"Please tell us your favorite shorts," says one email Monday. "Could you tell us what puts you have?" asks another. "How do we short this market right now?" asks a third.
Yep, the market's turned bad and everyone wants to make a killing on the short side. While I am more than happy to share with you the mechanics of how to go short and protect yourself from unlimited losses, I'll be darned if I am going to give you my hard-earned list.
As I am about 10 times more open than the next fund manager about what I do for a living, please forgive me if I don't play that part of my game with an open hand. An incident revealed Monday tells you why. For much of 1995 and 1996 I was short a little cell phone distributor named
. This short seemed to have everything going for it: revolving-door chief financial officers, missed numbers, a banker that was less than enthused about its own offspring.
To make things even juicier, the wholesale cell-phone business is about as hard a business, with margins thinner than a microchip, as they come. The word on Cellstar was that it had all the wrong inventory; I figured, how could I lose? Maybe I would even hit the real jackpot, with rumors of a secret warehouse of cell phones somewhere in East Asia turning out to be true.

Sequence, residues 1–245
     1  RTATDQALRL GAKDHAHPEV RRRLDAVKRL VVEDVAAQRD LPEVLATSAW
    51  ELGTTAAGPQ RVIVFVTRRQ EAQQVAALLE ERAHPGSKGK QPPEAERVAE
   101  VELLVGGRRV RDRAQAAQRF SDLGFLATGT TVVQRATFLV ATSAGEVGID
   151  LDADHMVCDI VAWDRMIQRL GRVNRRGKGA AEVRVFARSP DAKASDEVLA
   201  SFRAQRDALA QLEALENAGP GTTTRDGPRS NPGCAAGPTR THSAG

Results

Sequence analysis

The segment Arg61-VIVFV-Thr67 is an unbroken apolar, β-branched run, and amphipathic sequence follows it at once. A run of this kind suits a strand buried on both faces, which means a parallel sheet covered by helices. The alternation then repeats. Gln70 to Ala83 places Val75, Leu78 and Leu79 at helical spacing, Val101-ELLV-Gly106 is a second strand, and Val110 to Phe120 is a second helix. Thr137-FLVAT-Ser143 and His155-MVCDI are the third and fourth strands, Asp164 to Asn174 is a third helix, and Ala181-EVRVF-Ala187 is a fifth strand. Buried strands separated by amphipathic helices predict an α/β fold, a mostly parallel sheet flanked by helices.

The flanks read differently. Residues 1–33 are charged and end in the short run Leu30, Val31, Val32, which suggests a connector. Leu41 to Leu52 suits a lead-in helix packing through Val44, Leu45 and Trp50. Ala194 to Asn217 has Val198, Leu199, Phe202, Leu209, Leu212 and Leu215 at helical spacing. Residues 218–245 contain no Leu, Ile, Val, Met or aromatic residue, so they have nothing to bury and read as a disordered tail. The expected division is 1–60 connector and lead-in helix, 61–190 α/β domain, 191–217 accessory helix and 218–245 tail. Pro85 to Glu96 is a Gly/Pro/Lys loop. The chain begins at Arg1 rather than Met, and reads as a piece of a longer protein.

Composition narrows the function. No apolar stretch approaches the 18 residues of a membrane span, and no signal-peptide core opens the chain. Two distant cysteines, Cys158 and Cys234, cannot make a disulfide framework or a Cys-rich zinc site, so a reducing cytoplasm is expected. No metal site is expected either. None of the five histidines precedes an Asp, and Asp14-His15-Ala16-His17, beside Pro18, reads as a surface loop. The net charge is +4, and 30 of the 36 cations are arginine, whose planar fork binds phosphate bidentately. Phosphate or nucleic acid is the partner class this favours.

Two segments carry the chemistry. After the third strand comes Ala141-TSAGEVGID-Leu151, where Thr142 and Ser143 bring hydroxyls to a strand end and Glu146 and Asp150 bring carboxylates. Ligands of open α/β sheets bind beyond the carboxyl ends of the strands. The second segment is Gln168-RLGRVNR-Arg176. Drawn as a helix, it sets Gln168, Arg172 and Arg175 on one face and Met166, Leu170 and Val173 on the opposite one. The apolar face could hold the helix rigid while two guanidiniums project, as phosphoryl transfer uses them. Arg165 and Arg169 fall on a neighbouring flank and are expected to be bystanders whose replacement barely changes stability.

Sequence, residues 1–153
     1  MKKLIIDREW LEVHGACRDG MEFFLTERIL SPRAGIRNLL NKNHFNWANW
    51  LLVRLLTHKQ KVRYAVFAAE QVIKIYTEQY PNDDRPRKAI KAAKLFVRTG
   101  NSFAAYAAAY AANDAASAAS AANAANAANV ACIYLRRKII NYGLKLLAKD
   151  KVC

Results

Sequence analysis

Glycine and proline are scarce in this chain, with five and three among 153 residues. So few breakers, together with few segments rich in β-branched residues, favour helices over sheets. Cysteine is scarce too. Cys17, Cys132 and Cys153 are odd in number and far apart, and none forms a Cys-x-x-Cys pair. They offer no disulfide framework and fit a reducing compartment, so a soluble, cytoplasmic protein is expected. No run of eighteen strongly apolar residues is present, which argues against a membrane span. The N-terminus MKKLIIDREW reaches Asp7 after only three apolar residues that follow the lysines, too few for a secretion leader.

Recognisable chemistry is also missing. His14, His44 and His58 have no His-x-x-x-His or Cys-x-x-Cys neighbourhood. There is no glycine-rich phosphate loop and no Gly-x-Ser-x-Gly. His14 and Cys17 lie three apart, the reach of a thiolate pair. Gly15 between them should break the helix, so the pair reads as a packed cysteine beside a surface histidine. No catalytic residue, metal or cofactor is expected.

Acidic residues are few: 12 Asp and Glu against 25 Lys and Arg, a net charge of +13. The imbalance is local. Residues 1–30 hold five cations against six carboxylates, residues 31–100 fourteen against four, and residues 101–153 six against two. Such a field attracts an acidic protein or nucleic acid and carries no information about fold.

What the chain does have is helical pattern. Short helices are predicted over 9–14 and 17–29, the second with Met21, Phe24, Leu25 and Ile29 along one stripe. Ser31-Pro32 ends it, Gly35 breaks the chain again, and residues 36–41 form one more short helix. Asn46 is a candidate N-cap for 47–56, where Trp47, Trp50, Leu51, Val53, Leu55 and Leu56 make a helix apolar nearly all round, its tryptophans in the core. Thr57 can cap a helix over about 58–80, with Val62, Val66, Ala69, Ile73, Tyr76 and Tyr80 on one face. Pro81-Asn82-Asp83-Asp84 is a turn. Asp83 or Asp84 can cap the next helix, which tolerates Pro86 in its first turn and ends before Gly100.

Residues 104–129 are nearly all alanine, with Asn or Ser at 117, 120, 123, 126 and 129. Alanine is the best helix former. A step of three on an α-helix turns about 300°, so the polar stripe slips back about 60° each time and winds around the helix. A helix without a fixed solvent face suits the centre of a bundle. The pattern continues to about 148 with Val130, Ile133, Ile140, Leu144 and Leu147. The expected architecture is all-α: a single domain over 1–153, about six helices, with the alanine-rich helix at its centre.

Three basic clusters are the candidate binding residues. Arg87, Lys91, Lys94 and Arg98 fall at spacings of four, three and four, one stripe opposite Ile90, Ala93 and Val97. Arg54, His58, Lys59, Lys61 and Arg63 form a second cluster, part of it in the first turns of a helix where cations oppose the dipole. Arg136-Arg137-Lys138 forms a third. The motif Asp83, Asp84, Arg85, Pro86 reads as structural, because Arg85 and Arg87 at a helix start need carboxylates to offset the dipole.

I battled and battled this short. I was not alone. In fact, during this period so many of us were battling it that I think the company got fed up and decided it would take us on, no holds barred.
At least that's what it looks like from the announcement the company made yesterday that the
Securities and Exchange Commission
is looking into the way it handled its reporting during the period that I was shorting the stock.
I made a little money, but eventually got blown out, along with others, as the stock rallied on what looked to be better-than-expected numbers. The SEC suit had me wondering whether those numbers were really and truly better than expected.
No matter. I can't file a class action suit on behalf of short-sellers. The law doesn't work like that. All I know is that when you take a company on from the short side, the rules are simply not the same as on the long side. The company is your enemy, a powerful enemy, other shorts are your enemy, as they may cover and ruin your short, and the market has been your enemy, because other than a few times in the last 16 years, it's been right to be long.
With enemies like that, why share ideas that will definitely come back to haunt you even if they were right, as they were at Cellstar? That's why I don't tout; I try to show you what I am doing and why I am doing it, but not recommend to you what to do. I want to be your window into the game as it is played on my level.
I don't want to be your short-selling adviser. That's a job I wouldn't wish on my worst hedge-fund enemy.
: Make it as tough as possible on us:
blows out his zeroes, but buys
? Interest rates are near their lows but might lap up the
deal? Holy cow is it getting hard ...
James J. Cramer is manager of a hedge fund and co-chairman of TheStreet.com.
At the time of publication the fund was long WorldCom, though positions can change at any time. Under no circumstances does the information in this column represent a recommendation to buy or sell stocks. Cramer's writings provide insights into the dynamics of money management and are not a solicitation for transactions. While he cannot provide investment advice or recommendations, he invites you to comment on his column by sending a letter to TheStreet.com at